An everlasting honor
Published 7:00 pm Sunday, May 27, 2012
Post 91 to recognize members who have died in past year
Men like Roger Reller and Ray Waters of the American Legion don’t remember how many friends and fellow military veterans they’ve said farewell to during the past 58 years. At 2 p.m. on Sunday at Legion Post 91 in Austin, they’re saying goodbye to a few dozen more.
Reller, sergeant of arms, and Waters, chaplain, remember when American Legion Post 91 started its Post Everlasting ceremony in 1964. And as many read this, the Legion will have already held its Post Everlasting ceremony, in which American Legion officials honor each military Legion member who has died in the past year. Reller and Waters remember honoring at least 40 to 50 soldiers every year for decades. And since last Memorial Day, Post 91 — now with 836 members — has lost another 38.
Post 91 Commander Roland Hanson will read each name from a card, mention his or her branch of service, date of birth and death, and hand the card to Waters, who will burn the card after placing it inside a soldier’s helmet.
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“That is symbolic of the service record of that person going to Post Everlasting,” Waters said.
Each year, the ceremony reminds Waters, Reller, Hanson, Jay Jessen and other legionnaires about some of the most influential people they’ve ever met — men like the recent 2nd Vice Chair Lloyd Swenson, who recently passed; or others, like Doug Flatland, Pierce Tubbs, Orvis Anderson or Joe Stenger, whose names written on cards have burned and fallen as ashes into an empty soldier’s helmet.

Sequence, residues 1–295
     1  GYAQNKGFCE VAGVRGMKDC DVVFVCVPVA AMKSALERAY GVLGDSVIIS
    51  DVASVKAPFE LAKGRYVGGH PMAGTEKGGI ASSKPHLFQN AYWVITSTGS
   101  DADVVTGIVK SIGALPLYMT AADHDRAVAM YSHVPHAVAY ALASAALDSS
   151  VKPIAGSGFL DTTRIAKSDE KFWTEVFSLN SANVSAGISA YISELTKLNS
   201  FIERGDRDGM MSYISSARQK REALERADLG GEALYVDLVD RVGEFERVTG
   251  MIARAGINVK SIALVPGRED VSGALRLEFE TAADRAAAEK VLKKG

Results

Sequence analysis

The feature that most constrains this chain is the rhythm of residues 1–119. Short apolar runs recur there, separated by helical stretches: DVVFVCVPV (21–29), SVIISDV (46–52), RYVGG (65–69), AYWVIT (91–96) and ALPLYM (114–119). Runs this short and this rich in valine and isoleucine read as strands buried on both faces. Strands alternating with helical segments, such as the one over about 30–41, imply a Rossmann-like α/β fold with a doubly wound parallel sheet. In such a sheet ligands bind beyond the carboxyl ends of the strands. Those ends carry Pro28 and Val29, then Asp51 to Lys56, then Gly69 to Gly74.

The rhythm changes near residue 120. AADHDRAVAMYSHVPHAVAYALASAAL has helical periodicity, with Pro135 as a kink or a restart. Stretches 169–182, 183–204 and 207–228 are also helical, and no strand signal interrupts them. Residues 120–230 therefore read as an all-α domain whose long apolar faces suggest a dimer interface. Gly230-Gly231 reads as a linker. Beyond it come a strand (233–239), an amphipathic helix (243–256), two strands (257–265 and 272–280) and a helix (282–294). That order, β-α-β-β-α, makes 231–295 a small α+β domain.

“It’s almost like losing a part of your own self,” Hanson said, who has participated in many ceremonies, as well. “A lot of these people, you’ve worked with or played with or associated with, not just in the military aspect, but in friendship.”
Even though those soldiers have left Post 91, the ceremony honors their service and friendship — forever.
“I get the feeling that they are enjoying their reward in heaven,” Waters said about each soldier.
The families of each honored veteran will receive a resolution, signed by Legion officials, honoring that soldier’s camaraderie and service. Hanson said honoring soldiers is more than just remembering people, but recognizing their efforts.
“I’m trying to let the world know that us veterans are here for the simple reason that we love our country, and we want to keep it free,” Hanson said. “And the way we can also do that is by appreciating our lost comrades that have already paid for a cause.”